Metabolomic Biomarkers of Preeclampsia: An NMR Protocol Development and Pilot Study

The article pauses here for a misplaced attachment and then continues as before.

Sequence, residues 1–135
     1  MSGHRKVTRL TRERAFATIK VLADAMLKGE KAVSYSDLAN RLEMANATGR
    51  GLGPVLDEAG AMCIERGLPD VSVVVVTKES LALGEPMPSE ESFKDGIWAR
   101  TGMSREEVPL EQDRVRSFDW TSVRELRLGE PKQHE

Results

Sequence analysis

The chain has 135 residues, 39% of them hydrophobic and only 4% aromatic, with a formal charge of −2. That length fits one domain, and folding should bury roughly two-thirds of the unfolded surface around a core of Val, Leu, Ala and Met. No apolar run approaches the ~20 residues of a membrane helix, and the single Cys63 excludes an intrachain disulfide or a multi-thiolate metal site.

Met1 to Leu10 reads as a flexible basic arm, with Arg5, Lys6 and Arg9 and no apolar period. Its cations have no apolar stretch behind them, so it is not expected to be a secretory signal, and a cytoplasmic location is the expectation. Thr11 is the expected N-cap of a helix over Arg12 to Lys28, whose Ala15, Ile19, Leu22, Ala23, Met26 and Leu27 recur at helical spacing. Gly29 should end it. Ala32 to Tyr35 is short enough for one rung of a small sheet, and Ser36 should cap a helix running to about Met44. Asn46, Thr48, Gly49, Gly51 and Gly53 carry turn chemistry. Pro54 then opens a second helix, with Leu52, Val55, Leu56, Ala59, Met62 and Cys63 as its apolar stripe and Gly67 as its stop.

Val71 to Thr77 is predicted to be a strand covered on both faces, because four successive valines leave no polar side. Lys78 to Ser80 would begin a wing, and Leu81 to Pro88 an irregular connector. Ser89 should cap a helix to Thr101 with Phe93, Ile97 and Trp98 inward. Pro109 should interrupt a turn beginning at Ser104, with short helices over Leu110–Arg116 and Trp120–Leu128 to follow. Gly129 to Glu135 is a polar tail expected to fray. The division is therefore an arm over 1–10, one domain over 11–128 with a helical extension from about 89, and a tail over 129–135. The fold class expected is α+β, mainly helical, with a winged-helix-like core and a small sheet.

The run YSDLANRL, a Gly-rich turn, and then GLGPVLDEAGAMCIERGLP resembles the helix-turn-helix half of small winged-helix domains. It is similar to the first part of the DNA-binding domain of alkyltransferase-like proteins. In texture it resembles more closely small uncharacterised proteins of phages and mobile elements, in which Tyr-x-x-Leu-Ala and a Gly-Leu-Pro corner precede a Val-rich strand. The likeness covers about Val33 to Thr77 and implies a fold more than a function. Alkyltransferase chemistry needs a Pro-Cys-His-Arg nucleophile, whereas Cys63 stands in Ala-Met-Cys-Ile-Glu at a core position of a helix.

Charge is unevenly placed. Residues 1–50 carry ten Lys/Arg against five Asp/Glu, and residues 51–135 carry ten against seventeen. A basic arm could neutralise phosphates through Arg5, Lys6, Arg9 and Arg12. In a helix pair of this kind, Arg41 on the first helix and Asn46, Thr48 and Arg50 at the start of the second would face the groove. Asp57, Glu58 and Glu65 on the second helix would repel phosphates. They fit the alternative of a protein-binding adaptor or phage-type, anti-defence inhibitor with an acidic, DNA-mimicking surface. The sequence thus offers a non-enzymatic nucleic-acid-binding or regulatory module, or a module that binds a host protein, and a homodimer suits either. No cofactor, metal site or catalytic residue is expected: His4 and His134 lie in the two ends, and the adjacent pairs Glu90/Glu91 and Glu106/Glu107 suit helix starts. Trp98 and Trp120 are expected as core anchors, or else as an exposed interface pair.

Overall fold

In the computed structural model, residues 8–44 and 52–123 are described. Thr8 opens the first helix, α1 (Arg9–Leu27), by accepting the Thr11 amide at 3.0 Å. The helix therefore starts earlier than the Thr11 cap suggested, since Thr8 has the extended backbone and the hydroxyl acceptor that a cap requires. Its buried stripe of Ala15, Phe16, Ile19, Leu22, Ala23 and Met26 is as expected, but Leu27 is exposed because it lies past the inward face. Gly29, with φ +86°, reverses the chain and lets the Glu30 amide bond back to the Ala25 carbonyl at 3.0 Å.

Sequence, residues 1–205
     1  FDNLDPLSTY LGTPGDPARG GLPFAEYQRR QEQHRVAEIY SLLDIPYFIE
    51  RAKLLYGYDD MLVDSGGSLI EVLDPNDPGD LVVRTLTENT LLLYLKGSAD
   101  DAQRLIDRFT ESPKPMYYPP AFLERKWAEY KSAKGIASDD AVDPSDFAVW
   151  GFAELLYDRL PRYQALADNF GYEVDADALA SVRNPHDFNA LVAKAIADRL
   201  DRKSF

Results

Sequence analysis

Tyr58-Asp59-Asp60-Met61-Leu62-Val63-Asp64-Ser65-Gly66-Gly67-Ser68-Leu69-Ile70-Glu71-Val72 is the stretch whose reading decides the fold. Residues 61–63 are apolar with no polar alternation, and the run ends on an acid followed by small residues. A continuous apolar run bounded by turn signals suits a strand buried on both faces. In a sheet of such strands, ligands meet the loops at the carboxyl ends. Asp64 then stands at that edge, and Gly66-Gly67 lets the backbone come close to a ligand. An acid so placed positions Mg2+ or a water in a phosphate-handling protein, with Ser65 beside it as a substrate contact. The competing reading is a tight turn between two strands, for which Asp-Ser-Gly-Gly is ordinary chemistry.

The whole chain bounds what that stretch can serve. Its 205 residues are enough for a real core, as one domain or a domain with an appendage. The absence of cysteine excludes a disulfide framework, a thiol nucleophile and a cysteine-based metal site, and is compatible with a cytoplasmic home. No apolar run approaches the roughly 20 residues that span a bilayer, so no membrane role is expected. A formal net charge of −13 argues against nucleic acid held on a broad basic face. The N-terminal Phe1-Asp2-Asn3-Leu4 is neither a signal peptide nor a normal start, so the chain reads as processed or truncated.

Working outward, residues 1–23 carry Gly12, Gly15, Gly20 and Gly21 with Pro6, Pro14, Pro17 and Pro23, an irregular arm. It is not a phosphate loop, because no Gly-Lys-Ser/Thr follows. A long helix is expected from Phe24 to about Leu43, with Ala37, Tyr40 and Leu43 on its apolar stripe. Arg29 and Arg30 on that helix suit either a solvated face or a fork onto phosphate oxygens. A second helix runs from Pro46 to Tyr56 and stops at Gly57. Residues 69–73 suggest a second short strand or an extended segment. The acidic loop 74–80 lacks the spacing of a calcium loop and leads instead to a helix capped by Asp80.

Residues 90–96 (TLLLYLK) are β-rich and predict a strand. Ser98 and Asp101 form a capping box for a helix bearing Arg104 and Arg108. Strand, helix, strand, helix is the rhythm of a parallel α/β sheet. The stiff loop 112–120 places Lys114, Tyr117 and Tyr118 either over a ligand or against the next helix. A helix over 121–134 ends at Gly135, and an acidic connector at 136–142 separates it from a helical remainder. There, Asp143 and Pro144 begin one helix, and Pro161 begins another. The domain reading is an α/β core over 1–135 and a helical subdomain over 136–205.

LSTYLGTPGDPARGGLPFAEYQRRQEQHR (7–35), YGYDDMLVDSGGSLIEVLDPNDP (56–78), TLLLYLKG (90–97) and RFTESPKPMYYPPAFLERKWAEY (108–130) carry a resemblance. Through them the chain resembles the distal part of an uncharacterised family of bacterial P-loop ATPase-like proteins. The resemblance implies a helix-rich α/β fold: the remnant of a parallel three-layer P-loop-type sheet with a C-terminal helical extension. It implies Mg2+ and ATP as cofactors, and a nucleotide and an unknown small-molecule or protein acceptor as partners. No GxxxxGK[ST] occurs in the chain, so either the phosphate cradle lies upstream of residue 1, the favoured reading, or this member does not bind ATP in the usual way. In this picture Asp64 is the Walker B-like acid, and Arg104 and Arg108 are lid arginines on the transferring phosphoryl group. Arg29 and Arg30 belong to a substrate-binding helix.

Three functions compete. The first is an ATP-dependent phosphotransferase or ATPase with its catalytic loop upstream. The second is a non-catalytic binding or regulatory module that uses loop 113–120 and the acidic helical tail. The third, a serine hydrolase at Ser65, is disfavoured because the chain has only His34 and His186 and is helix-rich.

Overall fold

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Preeclampsia is a serious complication of pregnancy, which presents risk to both the expectant mother and to the fetus. It affects 3-8% of pregnancies, resolves only upon delivery, and is a major cause of preterm birth. The disease originates in the complex development of the placenta, and the immunological interplay between mother and fetus. The purpose of this Masters thesis was to implement a high resolution nuclear magnetic resonance protocol for examining urine and serum, in order to study the metabolic signatures of preeclampsia on the biofluids. Following this, a pilot study was carried out on samples from pregnant women with preeclampsia, pregnant women with normal pregnancies and nonpregnant women (controls). Possible discriminatory metabolites were considered. Metabolomic studies on preeclampsia could give insight into the disease pathogenesis, and may provide early predictors of preeclampsia in the future. For the method development, spot urine and venous blood samples were collected from women pregnant at gestational age 11+0 – 13+6. The samples were analyzed by 1D and 2D NMR spectroscopy and the resulting spectra studied for analytical reproducibility, effects of storage, and different collection and preparation methods. An assessment of the dieretic quantification method was done. For the pilot study, blood and spot urine samples from women with preeclampsia, and age- and gestational age-matched pregnant and nonpregnant controls were collected. The samples were analyzed by NMR and the spectra subjected to unsupervised and supervised multivariate analysis. The implementation of a protocol for NMR analysis of urine and serum samples gave well resolved and highly reproducible spectra. The pilot study showed differing metabolic profiles between women with preeclampsia, women with normal pregnancies and nonpregnant controls. In the spectra of urine samples, the glycine levels were responsible for a major part of discrimination. In the spectra of serum samples, the general lipid levels and the lipoprotein distribution contributed to the discrimination. Levels of very low density lipoproteins were higher in serum samples from women with preeclampsia than those with normal pregnancies. Statistical models predicted samples from women with preeclampsia with 85–95% accuracy. NMR produces excellent quality spectra for use in metabolomics. Minimal pretreatment and fast analysis make the method useful for analyzing large quantities of samples. The multivariate methods were able to effectively discriminate between samples from healthy and preeclamtic women in both urine and serum spectra. The specific metabolites responsible for the discrimination were related to disease-specific processes. The NMR metabolomic method clearly has potential for diagnostic use, and possibly future predictive use in preeclampsia.